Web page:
The Future of Progressive Politics in India

Pushparaj V Deshpande ( is director of the Samruddha Bharat Foundation, New Delhi.
4 April 2020

The challenge for progressives is not mobilising those who already feel an affinity with the core values enshrined in India’s Constitution and believe in a liberal, secular, and democratic India. The challenge is to convince the silent majority of India which is either not unduly bothered about the threat posed by Hindutva or feels that these very values somehow undermine their identity and culture.

Aam Aadmi Party’s (AAP) victory in the recently concluded Delhi assembly elections is being hailed as a rejection of divisive politics. It has been argued that this result has “protected the soul of India” (India Today 2020) and restored “an equilibrium … in the national polity”(Khare 2020). People have gone so far as to argue that the results have inflicted a “glorious humiliation on the BJP brass” (Khare 2020) and were a defeat of “BJP’s Hindu’s Delusions”(Laiq 2020). This liberal triumphalism (Sharma 2020) is however an oversimplification. 

Kaam Ki Rajniti (Politics of Doing) vs Mulyon Ki Rajniti (Politics of Values) 

AAP fought and won this election tactically. It scrupulously stuck to what has been characterised by Chief Minister Arvind Kejriwal himself as kaam ki rajniti. (Mukhopadhyay 2020). The campaign almost exclusively focused on issues of roti-kapda-makaan (essential public services) and sadak-bijli-paani (public goods). It strictly adhered to and built on the pervasive belief that their development work in Delhi was exceptional. This has paid them rich electoral dividends. 

However, AAP has defeated the Bharatiya Janata Party (BJP) electorally, not ideologically. Even though AAP may have indirectly sympathised with the protests against the Citizenship (Amendment) Act-the National Register for Citizens and National Population Register (CAA–NRC–NPR), it publicly stayed away from almost all of them (Ashutosh 2020). In fact, Kejriwal shockingly argued that he would have cleared Shaheen Bagh in two days had the police been under the Delhi government’s control (Ghosh 2020). He also dared Home Minister Amit Shah to arrest Sharjeel Imam (Times of India 2020). AAP also refused to condemn the attacks on students at the Jawaharlal Nehru University (JNU), Aligarh Muslim University (AMU) and Jamia Millia Islamia (Anwer 2020). Going back even further, Kejriwal had also endorsed the abrogation of Article 370 (India Today 2019).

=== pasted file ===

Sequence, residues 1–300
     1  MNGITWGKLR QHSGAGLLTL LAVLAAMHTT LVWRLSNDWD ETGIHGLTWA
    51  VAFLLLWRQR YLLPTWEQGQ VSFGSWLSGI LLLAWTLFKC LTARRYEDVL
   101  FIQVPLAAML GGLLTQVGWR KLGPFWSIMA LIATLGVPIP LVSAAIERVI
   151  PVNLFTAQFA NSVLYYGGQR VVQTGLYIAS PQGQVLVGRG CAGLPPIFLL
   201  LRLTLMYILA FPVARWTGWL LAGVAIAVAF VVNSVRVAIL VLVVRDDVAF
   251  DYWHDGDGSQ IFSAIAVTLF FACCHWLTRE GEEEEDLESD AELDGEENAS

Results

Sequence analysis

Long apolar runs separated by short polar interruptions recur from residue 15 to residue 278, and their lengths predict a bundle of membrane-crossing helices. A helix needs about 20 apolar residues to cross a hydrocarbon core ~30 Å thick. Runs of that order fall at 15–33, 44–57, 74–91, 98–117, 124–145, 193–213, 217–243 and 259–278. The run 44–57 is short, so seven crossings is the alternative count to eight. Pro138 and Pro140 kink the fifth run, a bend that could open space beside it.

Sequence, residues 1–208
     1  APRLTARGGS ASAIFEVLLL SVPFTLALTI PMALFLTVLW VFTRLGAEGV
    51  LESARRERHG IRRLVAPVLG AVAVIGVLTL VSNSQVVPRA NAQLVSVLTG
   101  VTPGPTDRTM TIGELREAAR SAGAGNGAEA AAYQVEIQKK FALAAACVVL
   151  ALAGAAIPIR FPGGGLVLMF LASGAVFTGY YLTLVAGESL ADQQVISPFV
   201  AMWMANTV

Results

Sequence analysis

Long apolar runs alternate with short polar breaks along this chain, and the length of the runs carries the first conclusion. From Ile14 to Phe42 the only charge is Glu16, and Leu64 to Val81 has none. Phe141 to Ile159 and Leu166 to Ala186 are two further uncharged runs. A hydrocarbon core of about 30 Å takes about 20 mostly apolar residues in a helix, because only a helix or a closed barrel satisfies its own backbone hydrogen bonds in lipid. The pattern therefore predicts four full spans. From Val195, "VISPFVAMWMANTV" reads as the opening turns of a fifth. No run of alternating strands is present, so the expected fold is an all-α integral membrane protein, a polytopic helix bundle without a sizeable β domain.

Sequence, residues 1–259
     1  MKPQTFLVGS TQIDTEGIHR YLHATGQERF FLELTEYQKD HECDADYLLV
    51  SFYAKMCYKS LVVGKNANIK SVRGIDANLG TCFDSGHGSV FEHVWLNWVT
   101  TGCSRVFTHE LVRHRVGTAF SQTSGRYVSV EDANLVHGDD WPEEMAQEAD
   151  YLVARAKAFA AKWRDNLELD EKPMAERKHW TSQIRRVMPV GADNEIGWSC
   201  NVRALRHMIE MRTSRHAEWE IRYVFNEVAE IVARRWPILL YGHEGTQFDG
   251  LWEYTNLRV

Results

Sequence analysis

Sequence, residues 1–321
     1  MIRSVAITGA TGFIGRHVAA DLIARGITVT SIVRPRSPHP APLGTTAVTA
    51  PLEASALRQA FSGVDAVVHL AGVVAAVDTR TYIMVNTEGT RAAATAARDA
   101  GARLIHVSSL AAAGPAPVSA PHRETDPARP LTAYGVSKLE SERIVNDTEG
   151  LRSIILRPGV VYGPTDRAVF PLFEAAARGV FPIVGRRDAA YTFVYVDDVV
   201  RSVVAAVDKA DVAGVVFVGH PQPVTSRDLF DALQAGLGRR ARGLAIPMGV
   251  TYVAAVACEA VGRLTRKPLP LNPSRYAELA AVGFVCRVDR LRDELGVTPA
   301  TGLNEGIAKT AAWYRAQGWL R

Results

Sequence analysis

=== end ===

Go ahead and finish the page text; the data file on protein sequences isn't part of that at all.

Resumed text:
In doing so, AAP has often mirrored the BJP’s stand. This assertion is not to undermine the scale of their electoral victory, or their governance in Delhi, which are both laudable. Nor is it to suggest that AAP is BJP’s B-team, an argument which is unimaginative and specious. This assertion is simply to urge caution in over-reading the outcome of the Delhi elections as a victory of constitutional values and progressive politics. 

Bharatiya Janata Party-Rashtriya Swayamsevak Sangh’s Ideological Victory 

Neither has Kejriwal proven himself to be a champion of liberal, secular and progressive values, nor has AAP positioned itself as a natural alternative to the BJP. In reality, AAP’s victory does nothing to stem the polarisation that the BJP has successfully effected. Their victory does not in any way combat the ideological agenda of the BJP-Rashtriya Swayamsevak Sangh (RSS). It is important to consider that the BJP’s vote share has gone up from 32% in 2015 to 38.51% in 2020. This is the highest vote share that BJP has been able to register since 1993 (Datta 2020). Reflect carefully on what this signals. Faced with a likeable chief minister with a good track record, the BJP managed to garner 35.75 lakh votes against AAP’s 49.74 lakh votes (ECI 2020). They have thus managed to enhance their vote share in an election where voters had already given a walk over to AAP. Equally worryingly, non-BJP parties are increasingly resorting to the same semantics and idioms that the BJP leverages cynically. To the RSS, this is a welcome rightward shift in public discourse, which is probably why RSS’ General Secretary, Suresh “Bhaiyyaji” Joshi can posit that the BJP singly does not alone represent Hindu society and that opposing the BJP does not mean being at odds with Hinduism (NDTV 2020). Finally, even though AAP managed to garner overwhelming support amongst the Sikh, Muslim, Dalit and Vaishya communities, the BJP made significant gains amongst the Brahmin, Rajput, Khatri, Gujjar, Yadav, Other Backward Classes (OBCs), Jatav and Valmiki communities in comparison to 2015 (Sardesai 2020). If these same communities gravitate towards the BJP in the assembly elections in Bihar, scheduled in October 2020, the BJP could well emerge as the single largest party in that state.